I like unrelenting dark novels with an overriding bleak vision that lacks moral certitudes (I mean, who doesn’t?).
Novels that deal with an insistent dark side but are laced with that warm and fuzzy fullness that breathes a certain moralistic sense into the world—a sense that things can work out for the character and for society in general—those I like even more. I’m a sucker for the novel that courageously pushes forward to conclude with hope and optimism.
The Miracle Life of Edgar Mint is such a novel. It is a heartbreaking, but ultimately glorious, work about a seven-year-old boy who is run over by a mail truck and abandoned by his Apache mother and deadbeat, cowardly Anglo-Saxon father. Through sheer courage, strength, and resiliency, the narrator, Edgar Mint, survives often sparse and harsh conditions, taking nourishment from friendships wherever he can find them.
There are times when it’s difficult to keep reading, your heart breaking for Edgar. However, Udall’s gift is his ability to allow Edgar to tell his story with utter and complete sincerity, both from the adult’s and the child’s perspective. Udall’s attention to detail poignantly sheds light on not just his characters but the human condition itself. Edgar is a lovable, loyal, and brave boy in the face of extreme adversity. His insightfulness, sincerity, and even humor drives the story. Immediately, he takes you right to the heart of things.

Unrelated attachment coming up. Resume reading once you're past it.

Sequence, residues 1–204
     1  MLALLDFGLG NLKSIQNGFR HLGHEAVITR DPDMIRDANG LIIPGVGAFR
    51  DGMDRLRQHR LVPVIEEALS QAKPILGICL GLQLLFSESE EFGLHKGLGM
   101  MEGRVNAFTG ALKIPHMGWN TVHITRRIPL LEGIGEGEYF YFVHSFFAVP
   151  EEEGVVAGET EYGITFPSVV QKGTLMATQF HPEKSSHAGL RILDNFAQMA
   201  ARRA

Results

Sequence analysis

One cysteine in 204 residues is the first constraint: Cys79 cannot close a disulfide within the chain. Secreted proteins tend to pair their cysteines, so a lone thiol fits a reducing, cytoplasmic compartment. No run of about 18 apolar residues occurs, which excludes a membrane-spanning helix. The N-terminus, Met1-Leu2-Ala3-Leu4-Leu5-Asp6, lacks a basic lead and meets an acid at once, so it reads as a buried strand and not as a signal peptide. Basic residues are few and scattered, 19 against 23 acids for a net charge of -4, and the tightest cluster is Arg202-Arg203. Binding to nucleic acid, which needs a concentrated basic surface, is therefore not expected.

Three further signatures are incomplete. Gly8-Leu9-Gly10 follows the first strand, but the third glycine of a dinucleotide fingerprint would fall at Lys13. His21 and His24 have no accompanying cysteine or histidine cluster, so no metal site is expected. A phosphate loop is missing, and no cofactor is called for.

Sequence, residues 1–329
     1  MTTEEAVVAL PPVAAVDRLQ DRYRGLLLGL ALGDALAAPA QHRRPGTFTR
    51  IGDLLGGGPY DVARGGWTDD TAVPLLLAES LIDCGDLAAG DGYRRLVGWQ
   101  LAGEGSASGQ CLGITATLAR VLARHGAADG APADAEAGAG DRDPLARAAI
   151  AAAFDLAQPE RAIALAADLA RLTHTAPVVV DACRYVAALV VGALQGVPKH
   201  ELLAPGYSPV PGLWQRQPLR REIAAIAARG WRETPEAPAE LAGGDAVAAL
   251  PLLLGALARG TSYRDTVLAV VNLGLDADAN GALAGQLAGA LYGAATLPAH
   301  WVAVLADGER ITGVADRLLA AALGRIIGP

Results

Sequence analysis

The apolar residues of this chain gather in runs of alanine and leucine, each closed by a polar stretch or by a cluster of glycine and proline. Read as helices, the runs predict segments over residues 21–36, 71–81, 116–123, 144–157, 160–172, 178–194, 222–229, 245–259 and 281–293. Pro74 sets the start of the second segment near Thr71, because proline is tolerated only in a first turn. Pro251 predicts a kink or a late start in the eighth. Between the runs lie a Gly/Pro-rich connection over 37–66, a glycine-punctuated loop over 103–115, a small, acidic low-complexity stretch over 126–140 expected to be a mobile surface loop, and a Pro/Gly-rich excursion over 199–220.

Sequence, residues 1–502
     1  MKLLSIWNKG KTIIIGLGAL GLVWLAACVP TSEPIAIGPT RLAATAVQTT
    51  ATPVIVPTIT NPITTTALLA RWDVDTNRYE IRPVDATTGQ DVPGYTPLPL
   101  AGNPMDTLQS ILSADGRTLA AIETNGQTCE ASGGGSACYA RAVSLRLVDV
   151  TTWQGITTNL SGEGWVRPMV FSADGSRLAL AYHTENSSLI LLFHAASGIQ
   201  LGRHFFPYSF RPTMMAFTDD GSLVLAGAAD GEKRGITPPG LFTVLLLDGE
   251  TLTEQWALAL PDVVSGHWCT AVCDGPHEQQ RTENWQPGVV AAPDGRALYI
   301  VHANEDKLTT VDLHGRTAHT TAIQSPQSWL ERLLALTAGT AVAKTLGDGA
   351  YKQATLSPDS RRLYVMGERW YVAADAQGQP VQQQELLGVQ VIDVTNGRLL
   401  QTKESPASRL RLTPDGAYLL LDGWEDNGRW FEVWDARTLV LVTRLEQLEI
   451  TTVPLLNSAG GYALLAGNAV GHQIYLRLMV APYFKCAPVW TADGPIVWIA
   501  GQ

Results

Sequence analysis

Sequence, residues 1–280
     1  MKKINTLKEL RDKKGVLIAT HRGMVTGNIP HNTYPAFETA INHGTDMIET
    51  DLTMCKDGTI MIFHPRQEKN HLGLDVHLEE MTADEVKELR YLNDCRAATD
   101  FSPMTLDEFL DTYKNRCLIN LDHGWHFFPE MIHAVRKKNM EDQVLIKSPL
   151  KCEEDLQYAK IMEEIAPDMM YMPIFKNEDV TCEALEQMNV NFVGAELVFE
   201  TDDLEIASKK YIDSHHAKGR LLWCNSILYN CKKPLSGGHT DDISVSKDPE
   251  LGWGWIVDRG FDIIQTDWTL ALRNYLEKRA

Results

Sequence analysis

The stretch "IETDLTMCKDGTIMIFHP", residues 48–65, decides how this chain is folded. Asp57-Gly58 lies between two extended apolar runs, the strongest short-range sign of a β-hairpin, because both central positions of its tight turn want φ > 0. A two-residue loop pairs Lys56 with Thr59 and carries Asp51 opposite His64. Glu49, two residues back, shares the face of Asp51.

“. . . when I was seven years old the mailman ran over my head. As formative years go, nothing else comes close: my careening, zigzag existence, my wounded brain and faith in God, my collisions with joy and affliction, all of it has to come, one way or another, out of that moment on a summer morning when the left rear tire of a United States postal jeep ground my tiny head into the hot gravel of the San Carlos Apache Indian Reservation.”
I could go on with quotes from the narrator, Edgar, because he has such an astute, yet wholly sincere way of putting things without the reader ever feeling as if he is being heavy-handed or unnecessarily sentimental. Levity always exists and informs, even as Edgar is abandoned by his grandmother and alcoholic mother, bullied at a horrific school for Indian children, and placed in the foster care of a dysfunctional Mormon family.
The Miracle Life of Edgar Mint takes us down a lane of bleakness but exits us on a street of anticipation, even if it’s a narrow one, and renews our faith in the resiliency and triumph of the human spirit. And ultimately, by the last page, we feel that love and hope have a fighting chance in life’s mythic, overarching struggles. This is no small accomplishment, and The Miracle Life of Edgar Mint is no small book.